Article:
KOL Management: What to Do and What to Avoid

July 21, 2015 - Posted by LifeLearn

If your company is planning any kind of public speaking event, it’s highly likely that you’ll end up working with a Key Opinion Leader (KOL). These industry frontrunners are a valuable resource for organizations, conducting intensive research, providing insightful advice, and giving stirring talks that can inspire change.

Here at LifeLearn, Lara Parks is the go-to expert on KOL management. She is the driving energy behind our work with KOLs and I sat down with her to get her insights into how organizations and KOLs can collaborate most effectively.

KOL Management

What is your role at LifeLearn and how does it relate to KOL management?

My role at LifeLearn is to manage KOL relationships for our clients. I work with KOLs on anything from coordinating educational resources, to organizing client events like symposia, roundtables, advisor councils, sponsorships and retreats. I align and link companies with KOLs, and assist KOLs with the coordination of materials.

LifeLearn will often initially contact KOLs on behalf of brands. We reach out to and engage with thought leaders from a variety of specialties. We’ve worked with KOLs with expertise in dermatology, gastroenterology, cardiology, dentistry, or basically any area that impacts the veterinary world. We connect with these KOLs to engage them with brands, companies, or even clients themselves.

To describe my role, I would say I am truly a concierge between a client/brand/product and a KOL.

What would you say is the most important aspect of managing KOLs?

The most important aspect of managing KOLs is ensuring that they are receiving accurate information and that the company is seeking and receiving their honest feedback and outlook on it. KOLs primarily deal with the scientific element of any product, so that’s the information they want to know– the science behind x product. They want to understand all the elements that make this product a success.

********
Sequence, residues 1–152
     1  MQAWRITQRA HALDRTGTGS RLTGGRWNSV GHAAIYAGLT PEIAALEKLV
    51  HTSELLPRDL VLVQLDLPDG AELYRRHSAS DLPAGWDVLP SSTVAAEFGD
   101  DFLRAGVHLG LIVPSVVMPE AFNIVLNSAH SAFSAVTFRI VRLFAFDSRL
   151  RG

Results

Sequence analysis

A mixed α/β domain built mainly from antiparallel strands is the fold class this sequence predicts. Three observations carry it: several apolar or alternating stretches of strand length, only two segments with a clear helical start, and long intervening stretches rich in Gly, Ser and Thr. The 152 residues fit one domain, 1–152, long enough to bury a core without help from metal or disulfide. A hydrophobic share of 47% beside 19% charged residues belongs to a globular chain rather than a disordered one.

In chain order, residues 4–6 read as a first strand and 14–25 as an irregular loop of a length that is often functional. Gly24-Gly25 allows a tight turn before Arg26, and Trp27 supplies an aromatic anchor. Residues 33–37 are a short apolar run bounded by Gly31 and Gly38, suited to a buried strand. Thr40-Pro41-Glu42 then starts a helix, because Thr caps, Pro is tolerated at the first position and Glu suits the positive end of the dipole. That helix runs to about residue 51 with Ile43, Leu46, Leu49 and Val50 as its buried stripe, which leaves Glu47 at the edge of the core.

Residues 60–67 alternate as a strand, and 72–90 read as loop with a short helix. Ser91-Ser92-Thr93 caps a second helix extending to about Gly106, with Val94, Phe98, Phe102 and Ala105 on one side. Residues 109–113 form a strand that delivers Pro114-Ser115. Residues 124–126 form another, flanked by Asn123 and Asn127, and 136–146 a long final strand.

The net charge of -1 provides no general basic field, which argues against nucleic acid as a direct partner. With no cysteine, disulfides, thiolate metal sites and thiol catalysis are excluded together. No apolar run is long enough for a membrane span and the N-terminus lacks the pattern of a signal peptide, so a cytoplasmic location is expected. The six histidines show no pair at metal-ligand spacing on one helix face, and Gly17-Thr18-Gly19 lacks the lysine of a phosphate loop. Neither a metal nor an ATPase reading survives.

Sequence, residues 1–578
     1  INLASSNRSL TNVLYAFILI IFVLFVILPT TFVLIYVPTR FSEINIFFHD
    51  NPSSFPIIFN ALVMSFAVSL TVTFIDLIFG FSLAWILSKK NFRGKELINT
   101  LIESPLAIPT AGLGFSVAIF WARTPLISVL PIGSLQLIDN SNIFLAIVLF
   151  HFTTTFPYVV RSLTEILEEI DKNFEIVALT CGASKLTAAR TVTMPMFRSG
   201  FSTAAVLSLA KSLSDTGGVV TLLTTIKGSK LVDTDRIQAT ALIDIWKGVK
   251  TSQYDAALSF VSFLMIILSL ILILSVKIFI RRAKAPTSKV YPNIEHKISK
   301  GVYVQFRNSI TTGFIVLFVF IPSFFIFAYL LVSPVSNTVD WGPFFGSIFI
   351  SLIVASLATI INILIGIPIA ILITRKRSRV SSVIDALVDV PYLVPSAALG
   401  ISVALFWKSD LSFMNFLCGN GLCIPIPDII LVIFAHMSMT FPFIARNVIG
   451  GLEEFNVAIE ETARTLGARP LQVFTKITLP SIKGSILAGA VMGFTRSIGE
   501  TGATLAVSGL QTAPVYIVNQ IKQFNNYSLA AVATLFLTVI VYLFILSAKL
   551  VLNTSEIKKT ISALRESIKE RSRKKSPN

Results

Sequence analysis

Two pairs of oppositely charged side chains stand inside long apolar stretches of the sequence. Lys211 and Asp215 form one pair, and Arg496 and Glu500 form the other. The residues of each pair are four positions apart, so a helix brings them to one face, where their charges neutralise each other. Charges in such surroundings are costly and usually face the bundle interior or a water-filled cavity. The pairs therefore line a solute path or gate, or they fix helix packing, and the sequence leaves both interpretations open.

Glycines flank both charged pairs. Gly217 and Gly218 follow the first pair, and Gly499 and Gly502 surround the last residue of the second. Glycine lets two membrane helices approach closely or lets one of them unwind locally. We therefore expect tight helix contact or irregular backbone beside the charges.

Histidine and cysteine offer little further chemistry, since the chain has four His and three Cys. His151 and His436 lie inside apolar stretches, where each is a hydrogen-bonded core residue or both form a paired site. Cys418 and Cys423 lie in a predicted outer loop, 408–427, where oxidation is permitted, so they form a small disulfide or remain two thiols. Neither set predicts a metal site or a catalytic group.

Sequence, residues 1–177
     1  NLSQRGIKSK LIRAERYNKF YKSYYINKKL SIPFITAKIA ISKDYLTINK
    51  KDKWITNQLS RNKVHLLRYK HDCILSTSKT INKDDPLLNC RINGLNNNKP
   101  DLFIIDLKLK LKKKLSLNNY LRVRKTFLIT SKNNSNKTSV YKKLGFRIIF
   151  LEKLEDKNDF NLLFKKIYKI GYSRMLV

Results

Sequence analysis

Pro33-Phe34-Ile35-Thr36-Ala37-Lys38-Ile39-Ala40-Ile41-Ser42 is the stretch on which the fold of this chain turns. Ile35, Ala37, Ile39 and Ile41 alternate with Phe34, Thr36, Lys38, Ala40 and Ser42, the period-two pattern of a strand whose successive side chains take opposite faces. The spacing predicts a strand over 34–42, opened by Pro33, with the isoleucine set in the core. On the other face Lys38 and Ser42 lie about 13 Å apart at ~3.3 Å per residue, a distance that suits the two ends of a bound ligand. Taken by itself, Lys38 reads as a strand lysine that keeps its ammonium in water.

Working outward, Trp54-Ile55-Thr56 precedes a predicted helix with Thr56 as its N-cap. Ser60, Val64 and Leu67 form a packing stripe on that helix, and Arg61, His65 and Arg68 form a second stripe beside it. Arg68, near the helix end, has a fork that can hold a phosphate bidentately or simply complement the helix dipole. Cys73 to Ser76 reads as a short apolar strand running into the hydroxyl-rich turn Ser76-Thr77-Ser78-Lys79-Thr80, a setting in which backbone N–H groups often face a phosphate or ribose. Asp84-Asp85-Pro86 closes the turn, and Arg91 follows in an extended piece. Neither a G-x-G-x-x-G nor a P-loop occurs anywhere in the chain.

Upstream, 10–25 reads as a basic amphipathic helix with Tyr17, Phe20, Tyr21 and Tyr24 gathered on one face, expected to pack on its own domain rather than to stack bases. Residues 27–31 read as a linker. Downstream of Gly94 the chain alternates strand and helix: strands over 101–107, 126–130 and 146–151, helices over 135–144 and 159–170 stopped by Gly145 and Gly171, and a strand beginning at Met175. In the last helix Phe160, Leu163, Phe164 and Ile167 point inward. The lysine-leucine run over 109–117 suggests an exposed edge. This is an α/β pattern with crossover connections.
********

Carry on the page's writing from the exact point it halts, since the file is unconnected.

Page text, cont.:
So, you have to communicate very effectively to ensure that you are providing information that is as accurate as possible. This is imperative because it can impact the KOL’s role in engaging with the product or company. Truly, the most important thing is to be as upfront and forthcoming with product information and details as possible, so that the KOL can learn more and decide how they want to align themselves with a product.

What are some of the best ways to keep a KOL happy?

The key to keeping KOLs happy is always being positive. It’s about offering an alternate solution to whatever situation may arise, rather than creating a roadblock. In my experience, it’s important to value the relationship built between the KOL and the brand or organization, and to value both the KOL and the organization as equals, rather than holding one above the other. Success arises from a marriage between the two, so it’s crucial to avoid positioning them against each other.

KOLs are absolutely brilliant individuals, and that’s the reason we recruit them and utilize them – for their expertise in specific areas. Because KOLs are so knowledgeable in their scientific areas and because they’re so engulfed in their research and their specialty, they often appreciate support in other areas, such as organization, information gathering, or detail inclusion. Often, the best way to keep a KOL happy is to keep them up to date and make sure that we’re always offering support and assistance for anything they need, whether it’s product-related or not.

What are some things to look for in a great KOL?

I think a great KOL is someone who doesn’t say “yes” right away, but rather seeks out all the information, engages with it, and provides thoughtful insight on why they would want to be a KOL for the company. That is a quality of a great KOL because they want to align themselves with something they believe in and can engage with and relate to, and it’s this engagement that makes their testimonial so valuable. I really appreciate a KOL that is engaged from the get-go and is hungry to learn more.